Michael Glickman, the president of the Museum of Jewish Heritage, said, “I thank the BPCA for including us in these conversations about how we can be a better neighbor and a more impactful and meaningful destination. One of the things that most excites us is how we can make better use of outdoor space — especially the space adjacent to the museum — to be more distinct and direct about better engaging with our neighbors. I really appreciate the efforts being made in Wagner Park for the benefit of the entire area.” The Museum is a tenant of the BPCA, occupying more than 100,000 square feet of publicly owned space for a nominal rent of $1 per year.

Phil Suarez, the owner of Gigino at Wagner Park restaurant (which occupies the current pavilion) said, “we’ve been in Wagner Park for a wonderful 18 years and this plan is perfect for us. We have watched Wagner Park grow over these years and know this will be yet another step in that growth — a growth we want to remain part of. Right now we have a stunningly small kitchen, yet on weekends we serve lunch and dinner to well over 300 people a day. The size of the restaurant itself is about 1,800 square feet, so something like this expansion would be of great benefit. We love being part of this community and want to provide it with a world class trattoria. With the planned enhanced facility, we will be able to keep our present affordable menu, while broadening it to include takeaway with fun, kid-friendly items like pizza, paninis, and gelato — and possibly delivery as well. And so we declare our endorsement of this project to be one-thousand percent!” Mr. Suarez is also a tenant of the BPCA. According to his most recent lease (approved by the Authority in 2015), he pays $85,000 per year for the 3,450 square feet. This comes to an annual cost of $24.63 per square foot. According the Cushman & Wakefield Marketbeat Manhattan report, the current asking rent for retail space in Lower Manhattan is $403 per square foot. The lease for Gigino’s Restaurant has been extended without competitive bidding at least three times, in 2011, 2013, and 2015.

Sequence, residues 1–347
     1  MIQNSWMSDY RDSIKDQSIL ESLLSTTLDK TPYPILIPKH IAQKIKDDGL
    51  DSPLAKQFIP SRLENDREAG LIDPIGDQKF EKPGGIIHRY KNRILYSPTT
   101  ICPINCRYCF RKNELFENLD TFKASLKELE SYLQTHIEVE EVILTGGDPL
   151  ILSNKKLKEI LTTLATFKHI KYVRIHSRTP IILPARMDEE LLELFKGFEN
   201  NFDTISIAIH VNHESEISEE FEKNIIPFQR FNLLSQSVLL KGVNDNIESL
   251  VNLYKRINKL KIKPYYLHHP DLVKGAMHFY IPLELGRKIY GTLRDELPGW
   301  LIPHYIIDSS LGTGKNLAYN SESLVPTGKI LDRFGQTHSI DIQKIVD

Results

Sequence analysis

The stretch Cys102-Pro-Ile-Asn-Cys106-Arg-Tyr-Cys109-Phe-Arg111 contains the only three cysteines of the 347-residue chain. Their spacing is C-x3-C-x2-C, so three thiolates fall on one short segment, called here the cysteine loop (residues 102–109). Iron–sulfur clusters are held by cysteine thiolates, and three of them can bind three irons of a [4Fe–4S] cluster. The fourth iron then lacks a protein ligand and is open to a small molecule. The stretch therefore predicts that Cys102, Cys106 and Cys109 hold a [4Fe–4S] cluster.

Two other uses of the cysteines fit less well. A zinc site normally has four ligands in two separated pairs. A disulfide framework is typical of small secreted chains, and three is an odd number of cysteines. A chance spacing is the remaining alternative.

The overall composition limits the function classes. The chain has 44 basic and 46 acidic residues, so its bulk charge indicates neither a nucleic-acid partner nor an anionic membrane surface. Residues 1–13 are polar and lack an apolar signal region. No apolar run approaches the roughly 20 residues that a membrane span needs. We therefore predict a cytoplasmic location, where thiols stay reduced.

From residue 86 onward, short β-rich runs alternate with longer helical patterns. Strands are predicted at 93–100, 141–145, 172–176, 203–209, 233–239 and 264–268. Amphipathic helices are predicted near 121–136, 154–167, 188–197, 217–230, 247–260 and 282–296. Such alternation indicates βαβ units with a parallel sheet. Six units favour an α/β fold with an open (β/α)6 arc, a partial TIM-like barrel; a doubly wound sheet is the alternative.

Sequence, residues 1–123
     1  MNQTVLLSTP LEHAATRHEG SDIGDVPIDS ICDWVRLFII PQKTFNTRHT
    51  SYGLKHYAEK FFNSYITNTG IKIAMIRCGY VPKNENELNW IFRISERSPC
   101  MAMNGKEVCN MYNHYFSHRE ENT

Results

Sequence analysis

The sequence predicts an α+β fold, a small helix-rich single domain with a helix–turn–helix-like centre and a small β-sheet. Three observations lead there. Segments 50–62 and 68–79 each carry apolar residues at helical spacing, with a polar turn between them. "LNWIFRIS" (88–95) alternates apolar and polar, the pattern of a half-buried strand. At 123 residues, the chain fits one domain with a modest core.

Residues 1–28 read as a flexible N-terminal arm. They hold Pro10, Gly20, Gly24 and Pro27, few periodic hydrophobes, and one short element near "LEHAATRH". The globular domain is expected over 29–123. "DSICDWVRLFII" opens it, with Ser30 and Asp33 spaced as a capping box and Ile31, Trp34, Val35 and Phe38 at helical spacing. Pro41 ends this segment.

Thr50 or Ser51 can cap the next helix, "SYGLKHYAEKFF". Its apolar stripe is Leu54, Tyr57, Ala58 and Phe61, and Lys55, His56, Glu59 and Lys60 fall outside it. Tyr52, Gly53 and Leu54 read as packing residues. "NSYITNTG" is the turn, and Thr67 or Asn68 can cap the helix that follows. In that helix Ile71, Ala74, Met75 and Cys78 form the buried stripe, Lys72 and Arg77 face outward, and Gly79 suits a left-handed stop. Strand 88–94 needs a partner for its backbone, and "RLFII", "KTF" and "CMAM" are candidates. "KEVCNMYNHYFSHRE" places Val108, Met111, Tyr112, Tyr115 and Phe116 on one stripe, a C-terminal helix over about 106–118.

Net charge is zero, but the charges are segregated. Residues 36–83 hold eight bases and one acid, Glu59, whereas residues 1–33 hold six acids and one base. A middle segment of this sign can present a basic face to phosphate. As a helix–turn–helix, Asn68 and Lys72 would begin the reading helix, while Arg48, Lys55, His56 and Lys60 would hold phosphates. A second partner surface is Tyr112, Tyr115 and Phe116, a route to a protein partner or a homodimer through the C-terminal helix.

Paul Lamas, a partner, at the Pier A Harbor House restaurant, said, “we think the whole plan is fantastic and we’re very excited about it. We’re particularly excited about the connection between the end of Wagner Park and Pier A. Every week, I meet people who live in Battery Park City and it is hard to believe, but they still don’t know Pier A is there. And if they know Pier A, they don’t know it’s open. We love the tourists and corporate events, of course, but we really judge our success by how we help the local community and how the local community accepts us. And the connectivity between the park and the pier we think will really go a long way to helping us do that.” The restaurant at Pier A is also a tenant of the BPCA.

Kate Ascher, one of the primary designers behind the Make Way for Lower Manhattan initiative, which seeks to streamline the Downtown streetscape, said, “as Lower Manhattan continues burnishing a model of residential, educational, and cultural excellence, resiliency plays a role that’s hard to overstate. Wagner Park’s redesign helps advance that promise for this and the next generation of Downtown dwellers, and I commend BPCA for its forward thinking on how we can make one of Downtown’s great public spaces more integrated and navigable for all.” Ms. Ascher is also a partner at the firm of BuroHappold Engineering, which counts the BPCA among its clients.

Reggie Thomas, a member of CB1, said, “as someone who’s served in and close to local government for my entire career, I know the importance of smart planning and taking the initiative on matters of pressing public concern, especially when it comes to making our community more resilient and sustainable. I applaud the BPCA’s efforts to harden a vulnerable point of Lower Manhattan and look forward to continued engagement on this initiative.” Mr. Thomas is also a registered lobbyist with the firm Manatt, Phelps & Phillips, among whose clients is Asphalt Green, which operates the athletic facility on North End Avenue, as a tenant of the BPCA.

Dr. Mike Gordon, a Battery Park City resident who is also a member of CB1, said, “I’ve spent a lot of time studying Hurricane Sandy and its effects, and I know a smart approach to resiliency when I see one. While this is clearly still a plan in development, I think the fundamental concept is strong, and something that needs to be pursued as soon as possible.”